whether the manufacturer of an article of drink sold by him to a distributor, in circumstances
which prevent the distributor or the ultimate purchaser or consumer from discovering by
inspection any defect, is under any legal duty to the ultimate purchaser or consumer to take
reasonable care that the article is free from defect likely to cause injury to health

Unfortunately for Mrs. Donoghue, in 1928 neither the Scottish civil law nor the English common
law as they were applied to the tort of negligence had yet progressed to the point of establishing
and stating as a matter of general principle, that geographically, a duty of care would be owed by
one person remote from another not to cause harm to that other person. Judges relied on
precedent, and the absence of a general statement of the law meant that it was difficult to
determine if a duty of care existed in a particular case unless a similar fact situation had been
ruled upon by the courts previously.

Her lawyers instead had to claim that Stevenson had a duty of care to his consumers and that he
had caused injury through negligence an area of civil law that was largely untested at that time.
Stevensons lawyers challenged the action on the basis that no precedents existed for such a
claim. They referred to an earlier action, Mullen v. AG Barr, where a dead mouse was found in a
bottle of soft drink; judges in this case dismissed it due to the lack of precedent. However
Donoghue was later granted leave to appeal to the House of Lords, which then had the judicial
authority to hear appellate cases.

The leading judgment, delivered by Lord Atkin in 1932, established that Stevenson should be
responsible for the well-being of individuals who consume his products, given that they could
not be inspected. The case was returned to the original court; Stevenson died before the case was
finalised and Donoghue was awarded a reduced amount of damages from his estate. She
however opted to sue the manufacturer of the ginger beer. She alleged that the manufacturer had
been negligent because its manufacturing processes had enabled the snail to enter the bottle and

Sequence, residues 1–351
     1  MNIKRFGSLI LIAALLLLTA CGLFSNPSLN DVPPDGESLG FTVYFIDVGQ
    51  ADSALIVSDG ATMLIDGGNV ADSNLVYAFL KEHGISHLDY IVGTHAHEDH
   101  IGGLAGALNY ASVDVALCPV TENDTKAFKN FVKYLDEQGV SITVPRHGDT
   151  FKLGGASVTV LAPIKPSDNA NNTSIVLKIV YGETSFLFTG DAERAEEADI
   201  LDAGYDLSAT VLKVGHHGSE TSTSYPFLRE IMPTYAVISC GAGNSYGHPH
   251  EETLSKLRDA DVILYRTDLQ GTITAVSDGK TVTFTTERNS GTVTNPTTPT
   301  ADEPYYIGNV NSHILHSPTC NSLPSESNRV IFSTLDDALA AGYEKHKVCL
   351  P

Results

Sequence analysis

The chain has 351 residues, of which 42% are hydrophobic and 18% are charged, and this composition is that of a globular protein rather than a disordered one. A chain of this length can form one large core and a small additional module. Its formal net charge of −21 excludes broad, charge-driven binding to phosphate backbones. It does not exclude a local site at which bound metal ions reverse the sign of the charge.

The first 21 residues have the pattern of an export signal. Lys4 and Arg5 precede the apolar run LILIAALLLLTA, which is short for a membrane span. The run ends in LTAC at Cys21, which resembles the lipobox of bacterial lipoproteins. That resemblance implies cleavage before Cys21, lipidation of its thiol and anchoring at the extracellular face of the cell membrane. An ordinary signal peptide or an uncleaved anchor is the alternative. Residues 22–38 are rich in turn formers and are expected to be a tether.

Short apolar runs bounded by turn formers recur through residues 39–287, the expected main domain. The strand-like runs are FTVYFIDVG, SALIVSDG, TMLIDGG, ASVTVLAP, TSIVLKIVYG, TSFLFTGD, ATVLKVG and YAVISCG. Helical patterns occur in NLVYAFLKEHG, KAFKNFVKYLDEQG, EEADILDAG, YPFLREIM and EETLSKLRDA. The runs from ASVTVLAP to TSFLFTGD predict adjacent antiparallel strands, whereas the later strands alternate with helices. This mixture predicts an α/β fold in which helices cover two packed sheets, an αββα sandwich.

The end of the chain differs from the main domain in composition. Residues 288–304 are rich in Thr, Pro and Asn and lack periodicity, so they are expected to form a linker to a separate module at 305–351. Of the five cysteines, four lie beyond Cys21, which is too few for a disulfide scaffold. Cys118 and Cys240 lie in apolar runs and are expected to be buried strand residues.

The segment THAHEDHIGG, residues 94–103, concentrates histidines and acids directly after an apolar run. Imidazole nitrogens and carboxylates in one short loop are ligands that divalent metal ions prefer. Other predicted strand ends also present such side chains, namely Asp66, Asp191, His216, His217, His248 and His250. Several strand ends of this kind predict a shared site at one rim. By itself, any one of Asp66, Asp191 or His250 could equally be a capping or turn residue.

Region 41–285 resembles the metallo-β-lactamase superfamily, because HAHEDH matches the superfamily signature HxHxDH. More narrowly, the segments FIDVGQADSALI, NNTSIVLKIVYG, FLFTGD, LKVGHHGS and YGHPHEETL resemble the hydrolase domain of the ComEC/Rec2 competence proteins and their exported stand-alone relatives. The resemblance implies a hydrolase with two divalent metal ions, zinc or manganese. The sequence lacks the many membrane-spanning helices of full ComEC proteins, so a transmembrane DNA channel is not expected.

had not detected the snail once it was there. The question whether Mrs. Donoghue had, any claim
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against the manufacturer went from the Scottish Court of Session to the House of Lords. The
House of Lords decision later on made legal history.
KEY PLAYERS:

The Wellmeadow Caf :

The caf occupied part of a tenement building probably constructed at the end of the eighteenth
or the beginning of the nineteenth century. In 1928 the proprietor of the Wellmeadow Caf was
Mr Francis Minghella.

The Claimant : May Donoghue


THE ULTIMATE CONSUMER: that is the actual user of a defective good and is
harmed by its defects. This person does not necessarily have to be the person who
purchased the product or service.

May Donoghue an ordinary working class woman what makes her legacy
extraordinary is she became the most famous litigant of all time (probably), although she
herself did not derive a fortune from her case. The case eventually settled for only 200, which
equates to about 7,000 today. The event that made her so celebrated took place in Paisley on 26
August 1928. May was born as May McAllister in Glasgow on 4 July 1898, and resided in that
city for her entire life. She married young and had four children, although only one, her son,
Henry, survived childhood. By the time of the fateful event she was already separated from her
husband, and by the time of the appeal cases she was using the name "McAlister". She died on
19 March 1958, when she was known as "Mabel Hannah", her mother's name. May Donoghue
was employed as a shop assistant, and resided at 49 Kent Street, off London Road, Glasgow.